So, yes, I have eaten a bourbon-infused brownie without knowing it was infused with Satan’s magic elixir and you know what?  It was fine. Did I rush back to the kitchen and shove the entire serving tray into my mouth?  No. Did I want to? Not remotely. And if you think I’m turning down creme brûlée, as in, EVER, then you don’t know me at all.

I am not that skittish about triggers or my sobriety, I thought.  Until recently.

Not so long ago I was in a drug store waiting to pick up a prescription when I was reminded that I was out of mouthwash. I scooted down the aisle and found approximately 27 different types of mouthwash.  Seriously, there was gum disease mouth wash and plaque prevention mouthwash and don’t even get me started on all of the flavors. Vanilla mint?  WTF?  As I perused the somewhat overwhelming selection I noticed some of the labels touted that they were “alcohol free”.  This got my attention. I had never internalized the knowledge that mouthwash includes alcohol amongst its ingredients.

Suddenly it was 2013 and I was 500 miles north in my Grandmother’s bedroom helping her make her bed after having washed her sheets.  I noticed that she had put on a rubber fitted sheet on under her real sheet. This was sad and troublesome because even though she was 104 years old, I hadn’t known she’d been wetting her bed.

Me: “Oh, Grandma.  I’m so sorry.”

Grandma: “Why, honey?”

Me: “The rubber sheet. I didn’t know that you were having accidents.”

Grandma: “Oh, I’m not,” she quipped, “but you know what they say, there’s a first time for everything!”

That entire exchange played out in my brain like a movie as I stood there in the middle of CVS. “There’s a first time for everything.” Suddenly I saw a montage flash before my eyes. . . it started out with me innocently brushing my teeth while absently reaching for the mouthwash and it ended with me passed out in public under feces-stained newspapers at a bus stop with my gums caved in and no teeth while clutching a one-eyed matted cat and a half-empty bottle of mouthwash.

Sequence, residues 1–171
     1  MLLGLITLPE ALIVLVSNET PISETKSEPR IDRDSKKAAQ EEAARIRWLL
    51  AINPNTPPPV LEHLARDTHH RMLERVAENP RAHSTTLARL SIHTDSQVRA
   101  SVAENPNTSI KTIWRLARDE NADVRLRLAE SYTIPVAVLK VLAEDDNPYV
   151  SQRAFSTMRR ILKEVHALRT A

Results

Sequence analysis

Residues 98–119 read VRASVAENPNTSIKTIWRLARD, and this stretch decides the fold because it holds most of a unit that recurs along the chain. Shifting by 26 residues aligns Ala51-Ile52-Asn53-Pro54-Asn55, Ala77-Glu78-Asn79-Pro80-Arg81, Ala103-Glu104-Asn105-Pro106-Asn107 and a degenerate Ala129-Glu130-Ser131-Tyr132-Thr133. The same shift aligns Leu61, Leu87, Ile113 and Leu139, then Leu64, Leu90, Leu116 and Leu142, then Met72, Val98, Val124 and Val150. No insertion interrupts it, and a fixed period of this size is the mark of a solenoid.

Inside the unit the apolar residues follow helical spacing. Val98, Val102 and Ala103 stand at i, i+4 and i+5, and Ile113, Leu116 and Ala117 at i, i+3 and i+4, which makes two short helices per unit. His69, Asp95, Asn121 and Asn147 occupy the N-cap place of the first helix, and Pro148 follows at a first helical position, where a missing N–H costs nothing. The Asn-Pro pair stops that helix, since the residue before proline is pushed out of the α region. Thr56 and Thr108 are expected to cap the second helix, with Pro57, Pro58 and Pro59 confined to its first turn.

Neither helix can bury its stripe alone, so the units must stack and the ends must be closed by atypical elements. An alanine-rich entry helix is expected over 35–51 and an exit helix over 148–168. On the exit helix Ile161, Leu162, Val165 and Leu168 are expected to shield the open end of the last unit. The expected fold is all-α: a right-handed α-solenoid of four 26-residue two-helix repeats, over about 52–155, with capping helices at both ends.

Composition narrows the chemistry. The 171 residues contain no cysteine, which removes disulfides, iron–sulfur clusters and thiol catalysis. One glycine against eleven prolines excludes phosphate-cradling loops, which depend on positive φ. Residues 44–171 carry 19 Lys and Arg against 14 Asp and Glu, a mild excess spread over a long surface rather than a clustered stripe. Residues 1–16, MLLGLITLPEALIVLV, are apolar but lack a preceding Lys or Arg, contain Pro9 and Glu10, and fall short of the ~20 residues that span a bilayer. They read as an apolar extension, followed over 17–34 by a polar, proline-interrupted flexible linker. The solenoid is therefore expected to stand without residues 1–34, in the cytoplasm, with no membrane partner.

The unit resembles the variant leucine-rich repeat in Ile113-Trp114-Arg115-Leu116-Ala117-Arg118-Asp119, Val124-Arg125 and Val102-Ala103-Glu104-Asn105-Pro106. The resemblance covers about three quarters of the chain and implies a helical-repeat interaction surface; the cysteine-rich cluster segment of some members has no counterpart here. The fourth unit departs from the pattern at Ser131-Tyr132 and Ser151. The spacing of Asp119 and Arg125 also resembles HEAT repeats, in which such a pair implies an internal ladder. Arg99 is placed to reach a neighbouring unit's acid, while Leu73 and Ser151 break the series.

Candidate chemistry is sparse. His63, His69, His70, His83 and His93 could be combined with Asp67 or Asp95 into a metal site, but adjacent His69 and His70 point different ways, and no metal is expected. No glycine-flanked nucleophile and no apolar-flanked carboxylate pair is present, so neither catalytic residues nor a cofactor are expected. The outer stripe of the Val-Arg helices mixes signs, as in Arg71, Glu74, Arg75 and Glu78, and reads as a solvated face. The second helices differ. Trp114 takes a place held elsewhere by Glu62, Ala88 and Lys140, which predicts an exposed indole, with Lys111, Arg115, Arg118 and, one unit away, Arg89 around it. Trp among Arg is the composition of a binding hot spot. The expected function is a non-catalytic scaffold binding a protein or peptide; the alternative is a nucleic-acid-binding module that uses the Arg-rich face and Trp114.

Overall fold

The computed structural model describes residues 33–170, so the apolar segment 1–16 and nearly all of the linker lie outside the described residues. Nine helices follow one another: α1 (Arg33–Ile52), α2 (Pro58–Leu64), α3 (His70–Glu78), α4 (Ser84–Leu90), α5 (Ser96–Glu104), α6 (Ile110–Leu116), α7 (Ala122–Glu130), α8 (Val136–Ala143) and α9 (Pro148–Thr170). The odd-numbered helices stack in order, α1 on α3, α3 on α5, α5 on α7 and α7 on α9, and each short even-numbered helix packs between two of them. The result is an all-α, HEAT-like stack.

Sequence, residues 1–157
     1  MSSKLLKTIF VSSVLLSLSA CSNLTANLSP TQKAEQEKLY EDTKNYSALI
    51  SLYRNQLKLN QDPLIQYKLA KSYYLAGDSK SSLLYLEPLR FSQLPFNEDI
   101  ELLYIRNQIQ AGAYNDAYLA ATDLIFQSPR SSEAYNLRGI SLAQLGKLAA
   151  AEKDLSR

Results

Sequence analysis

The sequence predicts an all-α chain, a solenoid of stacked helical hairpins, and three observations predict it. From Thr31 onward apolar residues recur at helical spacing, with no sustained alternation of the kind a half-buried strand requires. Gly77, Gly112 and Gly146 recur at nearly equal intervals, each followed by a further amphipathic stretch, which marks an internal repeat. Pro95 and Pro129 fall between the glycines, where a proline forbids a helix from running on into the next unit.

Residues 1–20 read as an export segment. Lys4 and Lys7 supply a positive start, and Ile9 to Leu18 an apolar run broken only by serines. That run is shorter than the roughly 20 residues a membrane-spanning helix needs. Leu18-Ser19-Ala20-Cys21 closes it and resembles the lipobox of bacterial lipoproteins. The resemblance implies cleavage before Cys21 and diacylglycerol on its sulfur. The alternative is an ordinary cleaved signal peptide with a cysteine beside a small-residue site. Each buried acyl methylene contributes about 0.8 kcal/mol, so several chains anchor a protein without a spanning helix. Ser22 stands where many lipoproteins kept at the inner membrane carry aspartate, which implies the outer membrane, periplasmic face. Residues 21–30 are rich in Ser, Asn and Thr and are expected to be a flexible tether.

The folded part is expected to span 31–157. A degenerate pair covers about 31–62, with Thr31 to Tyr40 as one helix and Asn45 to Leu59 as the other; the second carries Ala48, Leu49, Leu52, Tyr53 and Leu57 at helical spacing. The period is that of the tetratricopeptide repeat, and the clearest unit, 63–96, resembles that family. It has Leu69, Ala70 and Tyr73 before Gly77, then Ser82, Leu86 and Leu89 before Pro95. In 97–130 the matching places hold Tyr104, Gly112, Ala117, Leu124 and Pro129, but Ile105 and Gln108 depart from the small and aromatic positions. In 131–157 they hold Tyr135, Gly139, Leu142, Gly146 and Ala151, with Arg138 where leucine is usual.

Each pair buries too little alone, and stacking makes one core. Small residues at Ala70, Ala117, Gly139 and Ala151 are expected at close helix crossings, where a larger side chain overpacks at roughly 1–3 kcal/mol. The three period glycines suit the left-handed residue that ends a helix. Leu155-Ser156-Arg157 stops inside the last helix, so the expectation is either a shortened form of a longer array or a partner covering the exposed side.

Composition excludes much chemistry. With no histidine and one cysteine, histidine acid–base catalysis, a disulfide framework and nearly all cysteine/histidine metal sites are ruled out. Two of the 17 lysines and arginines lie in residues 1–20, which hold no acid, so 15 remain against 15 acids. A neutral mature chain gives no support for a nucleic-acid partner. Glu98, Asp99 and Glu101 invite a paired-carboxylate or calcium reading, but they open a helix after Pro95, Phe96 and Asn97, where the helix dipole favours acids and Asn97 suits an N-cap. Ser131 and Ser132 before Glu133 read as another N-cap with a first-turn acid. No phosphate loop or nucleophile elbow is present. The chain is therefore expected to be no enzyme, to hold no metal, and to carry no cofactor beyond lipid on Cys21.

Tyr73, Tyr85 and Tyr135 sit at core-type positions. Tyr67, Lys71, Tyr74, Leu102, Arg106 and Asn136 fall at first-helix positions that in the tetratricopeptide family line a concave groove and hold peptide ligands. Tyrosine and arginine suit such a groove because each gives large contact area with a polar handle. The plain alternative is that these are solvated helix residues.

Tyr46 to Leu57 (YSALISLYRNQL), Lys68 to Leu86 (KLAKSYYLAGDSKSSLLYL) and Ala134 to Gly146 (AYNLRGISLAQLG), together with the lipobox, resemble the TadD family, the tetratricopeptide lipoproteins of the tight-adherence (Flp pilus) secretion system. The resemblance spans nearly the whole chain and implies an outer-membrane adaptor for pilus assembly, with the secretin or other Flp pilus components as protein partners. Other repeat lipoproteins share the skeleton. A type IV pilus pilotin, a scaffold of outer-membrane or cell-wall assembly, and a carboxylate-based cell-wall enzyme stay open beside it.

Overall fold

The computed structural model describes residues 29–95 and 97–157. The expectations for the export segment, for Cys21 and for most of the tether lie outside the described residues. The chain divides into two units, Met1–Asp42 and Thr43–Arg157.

The mantra is “to thine own self be true” and there are a few reasons for that. I immediately lunged for the alcohol FREE mouthwash and ran back to the pharmacy to complete my errand. I do know myself and I also know my sickness. Does it sound completely illogical that a grown-ass woman would someday think it reasonable to down three bottles of mouthwash to get a buzz? It should. But to me, it doesn’t. It sounds like it could happen if I let that insanity get into my head and start listening to the lies it tells me. For me to jump from mouthwash to full blown relapse SOUNDS implausible to every single person I know, save for the alcoholics who are reading this right now and shaking their heads in unison so vigorously that even I can hear it as I type.

Someone once said that while we’re in recovery, our sickness is outside doing push-ups and I believe that whole-heartedly. No one has ever lied to me like I’VE lied to me. I have a hilarious and precious friend who is also retired from alcohol and she succinctly sums it up;

“Today I wouldn’t take a drink if you paid me a million dollars but tomorrow I may just take one for free.”


And that, my friends, is the insanity of alcoholism.

You’re my obsession

I get asked quite a bit about what I’m most grateful for in sobriety and that can be a difficult question. Most folks I know are very thankful for their recovery and protect it fiercely and most of us have SO MANY perks in sobriety that we can hardly narrow them down. From small things, like always remembering where your car is parked, to bigger things, like not telling your Trump supporting Aunt to shove a pine-tarred dildo up her ass on Facebook. There is SO MUCH.

I could seriously go on for hours about how well I sleep and how terrific I feel physically and yada yada yada, but for now I’d like to expound upon one such affliction that often plagues the drunk and addicted.